بســم اللّـه الرّحمـن الرّحيــم
اَلحَمْـدُ لِلّـهِ رَبّ العَـالَمِـين، وَالصّـلاة وَالسّلام علـى سيدنا محـمَّدٍ، خاتم الأنبياء والمرسلين، وَعلـى آلـه وَصَحْبِـهِ أجمـعـين.
Mr. Chairman, Distinguished Prime Minister of Nepal, Excellencies, Honourable Ministers, the Secretary General, Distinguished Observers, Delegates, Ladies and Gentlemen;
We have come from the shores of the lowest lying country in the region, to the highest peaks and the most beautiful valleys. I must commend Your Excellency Mr Sushil Koirala, Prime Minister of Nepal, SAARC’s new Chairman, for the excellent arrangements made for us.
I would also like to extend my heartfelt congratulations to His Excellency Mr. Arjun Bahadur Thapa, on his assumption of office as the Secretary General of our Association.
During our recent Chairmanship, the Maldives took a keen interest in institutional reform of the organisation. We sought to make SAARC more relevant, goal-oriented, and results-based. We listened to the often heard saying that SAARC was very efficient in having meetings regarding every aspect of South Asia, but less effective in delivery than perhaps we had hoped to be. We wanted SAARC to move towards regional resilience; to make SAARC an organisation that gives the people of this region a collective and common identity; one that made South Asians proud.
I congratulate you, the Member States, and the ever-so diligent Secretariat, on delivering reforms that are necessary and essential.
Our engagement with other regions and countries has been revitalised. I have no doubt that there is, indeed, much scope for further strengthening such ties. We live in a globalised world where inter-regional relations matter: we need to focus on internal regionalisation, but we also need to focus on building our relationship with other countries that are keen to work with us. Dialogue partners are interested in the advantages that our innovative, creative and youthful populations can offer. And it would only be to our benefit to engage with partners as a group, rather than individually.
The chosen theme for this Summit “Deeper Integration for Peace and Prosperity” encapsulates some of the core values and stated objectives of our Organisation.
This region accounts for one-quarter of the world’s population, yet as a region we hold limited sway, have limited say and we have not been heard enough, in the power rooms of the world.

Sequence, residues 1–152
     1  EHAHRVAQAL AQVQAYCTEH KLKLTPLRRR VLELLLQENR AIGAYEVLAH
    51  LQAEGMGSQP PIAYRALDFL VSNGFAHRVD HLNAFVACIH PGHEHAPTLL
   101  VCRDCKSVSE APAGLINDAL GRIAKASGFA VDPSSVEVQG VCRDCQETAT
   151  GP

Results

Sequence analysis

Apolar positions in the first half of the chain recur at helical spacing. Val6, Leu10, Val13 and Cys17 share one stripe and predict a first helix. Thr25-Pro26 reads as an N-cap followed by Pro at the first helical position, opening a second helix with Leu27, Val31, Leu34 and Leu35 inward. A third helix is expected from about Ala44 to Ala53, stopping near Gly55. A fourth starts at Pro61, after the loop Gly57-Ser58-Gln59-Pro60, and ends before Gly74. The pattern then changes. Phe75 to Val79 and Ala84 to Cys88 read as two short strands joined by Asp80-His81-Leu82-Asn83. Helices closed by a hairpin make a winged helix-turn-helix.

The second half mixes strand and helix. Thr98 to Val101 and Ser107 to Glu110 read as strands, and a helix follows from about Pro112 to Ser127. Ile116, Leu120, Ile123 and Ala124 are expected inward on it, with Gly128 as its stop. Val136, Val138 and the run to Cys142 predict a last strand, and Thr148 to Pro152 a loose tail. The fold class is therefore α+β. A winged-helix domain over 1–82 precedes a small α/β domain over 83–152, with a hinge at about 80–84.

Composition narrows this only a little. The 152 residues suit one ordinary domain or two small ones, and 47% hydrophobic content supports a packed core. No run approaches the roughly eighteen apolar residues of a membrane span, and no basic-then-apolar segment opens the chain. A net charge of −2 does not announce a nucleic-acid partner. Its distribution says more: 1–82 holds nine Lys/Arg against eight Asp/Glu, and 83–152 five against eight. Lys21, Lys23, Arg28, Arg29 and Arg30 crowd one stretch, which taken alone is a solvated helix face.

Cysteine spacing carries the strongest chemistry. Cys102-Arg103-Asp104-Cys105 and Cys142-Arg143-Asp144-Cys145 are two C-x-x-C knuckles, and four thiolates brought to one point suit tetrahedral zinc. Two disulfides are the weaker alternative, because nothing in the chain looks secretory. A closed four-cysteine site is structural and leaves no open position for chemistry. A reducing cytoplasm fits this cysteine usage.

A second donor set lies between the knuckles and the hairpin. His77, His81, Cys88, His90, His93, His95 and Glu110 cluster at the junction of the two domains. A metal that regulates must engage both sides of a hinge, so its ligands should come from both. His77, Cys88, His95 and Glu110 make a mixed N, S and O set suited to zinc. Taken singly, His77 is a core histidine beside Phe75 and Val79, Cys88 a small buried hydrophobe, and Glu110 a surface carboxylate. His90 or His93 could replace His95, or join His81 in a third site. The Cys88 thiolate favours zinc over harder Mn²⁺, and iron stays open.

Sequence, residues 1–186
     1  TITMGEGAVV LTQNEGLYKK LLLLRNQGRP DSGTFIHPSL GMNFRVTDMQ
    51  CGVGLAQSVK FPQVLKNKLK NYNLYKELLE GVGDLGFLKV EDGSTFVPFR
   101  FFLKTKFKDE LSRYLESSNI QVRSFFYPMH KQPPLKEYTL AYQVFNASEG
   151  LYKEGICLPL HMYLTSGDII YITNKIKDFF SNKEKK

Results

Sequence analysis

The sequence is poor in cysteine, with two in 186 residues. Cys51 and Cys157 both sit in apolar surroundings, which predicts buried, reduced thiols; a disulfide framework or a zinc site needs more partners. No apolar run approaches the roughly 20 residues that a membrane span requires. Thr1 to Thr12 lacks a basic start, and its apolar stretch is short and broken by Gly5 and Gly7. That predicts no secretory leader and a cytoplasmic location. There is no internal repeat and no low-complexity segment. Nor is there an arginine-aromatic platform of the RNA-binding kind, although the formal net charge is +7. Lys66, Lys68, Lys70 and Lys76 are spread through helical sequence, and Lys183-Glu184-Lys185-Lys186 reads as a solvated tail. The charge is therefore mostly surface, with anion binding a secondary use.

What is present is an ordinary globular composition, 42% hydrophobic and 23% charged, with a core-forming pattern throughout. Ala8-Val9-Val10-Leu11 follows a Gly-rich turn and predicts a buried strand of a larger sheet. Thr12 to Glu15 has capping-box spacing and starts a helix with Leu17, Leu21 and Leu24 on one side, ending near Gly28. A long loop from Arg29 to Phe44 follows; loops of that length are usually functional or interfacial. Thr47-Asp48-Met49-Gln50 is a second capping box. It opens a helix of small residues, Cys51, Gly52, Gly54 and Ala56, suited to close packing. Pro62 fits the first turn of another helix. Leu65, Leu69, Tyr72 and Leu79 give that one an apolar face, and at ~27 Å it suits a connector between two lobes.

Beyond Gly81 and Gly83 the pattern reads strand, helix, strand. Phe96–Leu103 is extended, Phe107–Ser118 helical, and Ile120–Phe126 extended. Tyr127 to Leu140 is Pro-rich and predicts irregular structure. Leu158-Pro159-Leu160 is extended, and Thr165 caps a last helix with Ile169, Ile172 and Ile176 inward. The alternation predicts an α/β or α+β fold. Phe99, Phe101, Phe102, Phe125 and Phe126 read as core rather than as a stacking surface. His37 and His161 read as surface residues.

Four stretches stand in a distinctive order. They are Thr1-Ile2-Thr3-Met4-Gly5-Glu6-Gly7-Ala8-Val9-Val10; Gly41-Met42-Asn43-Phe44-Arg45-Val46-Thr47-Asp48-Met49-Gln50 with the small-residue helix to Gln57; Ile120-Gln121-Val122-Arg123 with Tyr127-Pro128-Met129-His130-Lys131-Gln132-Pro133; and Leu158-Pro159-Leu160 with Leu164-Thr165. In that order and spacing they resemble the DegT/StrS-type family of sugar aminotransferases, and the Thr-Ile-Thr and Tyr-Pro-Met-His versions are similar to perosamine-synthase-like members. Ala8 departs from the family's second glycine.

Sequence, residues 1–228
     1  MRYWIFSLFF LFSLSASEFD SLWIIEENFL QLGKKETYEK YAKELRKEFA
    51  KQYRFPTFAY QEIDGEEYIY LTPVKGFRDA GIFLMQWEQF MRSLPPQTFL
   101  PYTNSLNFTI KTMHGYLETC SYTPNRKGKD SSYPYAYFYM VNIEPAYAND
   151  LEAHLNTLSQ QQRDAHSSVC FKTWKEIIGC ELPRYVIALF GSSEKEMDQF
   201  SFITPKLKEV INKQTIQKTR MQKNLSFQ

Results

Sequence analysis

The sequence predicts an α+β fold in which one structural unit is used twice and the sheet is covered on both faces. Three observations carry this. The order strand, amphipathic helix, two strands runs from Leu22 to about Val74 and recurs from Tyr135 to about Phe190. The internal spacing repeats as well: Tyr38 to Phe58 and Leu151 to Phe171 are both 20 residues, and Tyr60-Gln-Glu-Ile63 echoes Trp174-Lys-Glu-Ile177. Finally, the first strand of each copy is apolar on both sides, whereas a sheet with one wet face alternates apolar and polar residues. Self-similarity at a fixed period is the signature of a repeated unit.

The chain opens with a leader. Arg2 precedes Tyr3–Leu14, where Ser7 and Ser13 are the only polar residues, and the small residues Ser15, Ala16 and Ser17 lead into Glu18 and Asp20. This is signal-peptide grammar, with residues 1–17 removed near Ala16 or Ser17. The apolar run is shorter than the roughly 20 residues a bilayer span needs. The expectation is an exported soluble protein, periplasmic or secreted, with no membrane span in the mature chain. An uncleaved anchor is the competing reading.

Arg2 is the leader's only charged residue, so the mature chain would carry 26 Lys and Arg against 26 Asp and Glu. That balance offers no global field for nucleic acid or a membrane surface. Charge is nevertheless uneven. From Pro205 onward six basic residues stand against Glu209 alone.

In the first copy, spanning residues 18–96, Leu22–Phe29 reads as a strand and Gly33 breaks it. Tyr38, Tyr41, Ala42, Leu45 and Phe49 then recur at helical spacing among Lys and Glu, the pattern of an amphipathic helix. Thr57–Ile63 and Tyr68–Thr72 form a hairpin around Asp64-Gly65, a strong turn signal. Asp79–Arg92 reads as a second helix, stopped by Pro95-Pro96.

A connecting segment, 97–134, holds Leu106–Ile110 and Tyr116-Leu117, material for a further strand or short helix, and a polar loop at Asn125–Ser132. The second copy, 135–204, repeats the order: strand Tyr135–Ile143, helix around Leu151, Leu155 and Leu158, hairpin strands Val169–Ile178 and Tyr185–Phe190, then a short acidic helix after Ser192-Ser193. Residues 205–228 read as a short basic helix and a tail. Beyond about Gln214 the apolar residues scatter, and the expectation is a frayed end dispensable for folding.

The vision of our founders was clear. It was grounded on the cherished bonds of the shared civilisation, common history and culture; on the genuine desire to build relations between us; on the sacred premise that regional cooperation is mutually beneficial, desirable; and indeed necessary.
There is no doubt that the Twenty First Century is indeed the Century of Asia. Ours is the region within Asia that holds the most advantages in both human and natural resources, to benefit from global undercurrents.
I firmly believe that trade and commerce hold the key to the future prosperity of our peoples and for peace within our region. SAARC must attune itself to the realities of the day and seize the opportunities that are presented to us. We must not be left behind.
Thirty years after the inception of SAARC, how far have we managed to come towards realising the dream of our Founding Fathers? SAARC has managed to hold countless meetings. It has expanded into many fields, many services and many issues. It has contributed to building confidence and trust among the top leaders of our nations.
But, let’s take a step back. Let’s review our progress and the way ahead. Let’s rethink our priorities, our goals: the ultimate vision of what we want SAARC to be.
The last time we were here, in Nepal was at the dawn of the new millennium. At that meeting, we concentrated in a big way, on the realisation of the Millennium Development Goals, in the hope of realising poverty eradication around the region. Twelve years later, we are here again, at the cusp of the post-2015 development agenda. And yet again, we shall renew our commitment to end poverty across this region.
One such avenue to deepen our integration, to realise poverty alleviation, is trade. Commerce underscores good neighbourly relations, unlocks the doors to each other’s communities. Trade fosters mutual understanding and benefits, moving entire communities from poverty to prosperity.